One of the most searching questions on the overall global issues of our day is where this whole thing is heading to. Like in the quote above, you either have to be a friend or an “enemy” of the “it” in question to give an ultimate answer. The “it” being social, economic/financial, political, military issues in their manifold combinations. This is no average socialism, the same as Wagner, who pledge alliance to it, was no average composer: it was his involvement in these issues that shaped the true scope of his work. Whether Sigfried was the socialist hero and Fafner & Co. the capitalist monster is a question for the connoisseur. I can see a little bit of everything in both, depends how you look at it, and Bayreuth I believe has made a lot of use of these open questions.


Memorial to Jewish singers in the Bayreuth Festival Park (Commons)

There is a “lie”, says Spengler about all things Western, and that has been for a long time now since the Northern races of Europe lost everything they had to say about life and culture. This does not mean that in some way or another, like the Excalibur of John Boorman, the German ghost will not rise again when it finds a worthy king of (of course) German lineage who will take over, I guess, the presidency of the United States after the financial powers are finally subdued by the law of race and blood. It sounds Wagnerian, doesn’t it?

This “lie”, Spengler believes, is what is behind all these Bayreuth paraphernalia. The context is this:

This Life’s lie is the foundation of Bayreuth which would be something whereas Pergamum was something, and a thread of it runs through the entire fabric of Socialism, political, economic and ethical, which forces itself to ignore the annihilating seriousness of its own final implications, so as to keep alive the illusion of the historical necessity of its own existence. (Same reference as previous quotation).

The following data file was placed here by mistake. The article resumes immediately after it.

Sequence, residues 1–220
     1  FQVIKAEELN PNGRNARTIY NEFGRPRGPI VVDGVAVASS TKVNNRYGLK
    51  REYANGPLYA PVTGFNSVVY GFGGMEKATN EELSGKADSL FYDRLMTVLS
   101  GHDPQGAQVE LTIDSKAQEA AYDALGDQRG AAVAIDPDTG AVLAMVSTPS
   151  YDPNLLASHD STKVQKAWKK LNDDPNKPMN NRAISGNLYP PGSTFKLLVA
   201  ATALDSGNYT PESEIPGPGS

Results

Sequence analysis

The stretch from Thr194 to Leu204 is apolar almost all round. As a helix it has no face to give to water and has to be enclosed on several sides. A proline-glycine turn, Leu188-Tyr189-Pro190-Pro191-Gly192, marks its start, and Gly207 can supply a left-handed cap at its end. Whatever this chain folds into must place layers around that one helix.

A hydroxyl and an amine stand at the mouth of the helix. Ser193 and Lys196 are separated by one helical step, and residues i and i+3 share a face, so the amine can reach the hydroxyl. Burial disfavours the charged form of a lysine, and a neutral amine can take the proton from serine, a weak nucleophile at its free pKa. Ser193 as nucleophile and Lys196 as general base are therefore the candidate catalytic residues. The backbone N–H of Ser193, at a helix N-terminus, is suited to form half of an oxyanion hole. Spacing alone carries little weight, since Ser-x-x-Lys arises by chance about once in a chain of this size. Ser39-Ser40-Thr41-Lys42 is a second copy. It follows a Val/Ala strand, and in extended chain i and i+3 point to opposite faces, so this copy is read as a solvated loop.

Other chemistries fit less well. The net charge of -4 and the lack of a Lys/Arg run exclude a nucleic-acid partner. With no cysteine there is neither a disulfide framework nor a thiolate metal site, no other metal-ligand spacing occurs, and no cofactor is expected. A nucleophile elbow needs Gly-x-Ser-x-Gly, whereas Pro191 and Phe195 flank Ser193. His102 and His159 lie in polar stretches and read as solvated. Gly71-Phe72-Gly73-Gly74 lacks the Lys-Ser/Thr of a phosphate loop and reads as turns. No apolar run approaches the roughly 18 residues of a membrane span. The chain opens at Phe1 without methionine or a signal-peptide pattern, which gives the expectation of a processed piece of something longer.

But what is Socialism for Spengler? What is it for us? What is it for those that say that “Socialism” is going to ruin this world? I won’t give you an answer because I don’t know, but others having read Spengler like me, and possibly you if you got this far already (at least hear of him), raise their eyebrows or twist their mouths more than once when reading this influential historian.

In short then, Socialism is the latest Western version of the “Will-to-Power” that Nietzsche (Wagner’s good acquaintance for a while) made famous: that is, we know what is good for you and we will make sure that you agree or else. It does not matter in which direction this “Will-to-Power” runs, let’s say to the right or to the left of the political spectrum, but it is there nonetheless and it is there to be imposed whatever and whoever falls. Immanuel Kant’s “Act only according to that maxim whereby you can at the same time will that it should become a universal law” is not, like Spengler points out, about compassion or any kind of idealism, and that has in common with what he understands as “socialism”. The masses, or fellaheen, do not either care, know, or should be aware of this. The reader can have a hell of an intellectual trip with this word, fellaheen, taken apparently from colonial France, to Spengler, to Kerouac. “Fellaheen”, whichever its cultural connotations in history, philosophy, or literature, is still out there and very alive, and (until it becomes part of the One-World-Politically-Incorrect-Utterances-and-Menaces Index – OWPIUM Index for short) addresses a conceptual depth not covered by its cousin word the masses, either in their destitute or consumer state.

It is not attitude and mien, but activity that is to be given form. As in
China and in Egypt, life only counts in so far as it is deed […] If we would set against the Roman “panem et circenses”… some corresponding symbol of the North (and of Old China and Egypt) it would be the “Right to Work” This was the basis of Fichte’s thoroughly Prussian (and now European) conception of State-Socialism, and in the last terrible stages of evolution it will culminate in the Duty to Work.

Oswald Spengler, The Decline of the West, Part I, “Buddhism, Stoicism, Socialism, viii.

Nothing new in 1984 I guess. Curiously enough, Spengler was not a fan of the Nazis, despite being (like Richard Wagner) one of their most praised heroes.


Caricature of Wagner by Karl Clic in the Viennese satirical magazine, Humoristische Blätter (1873) – Wikimedia Commons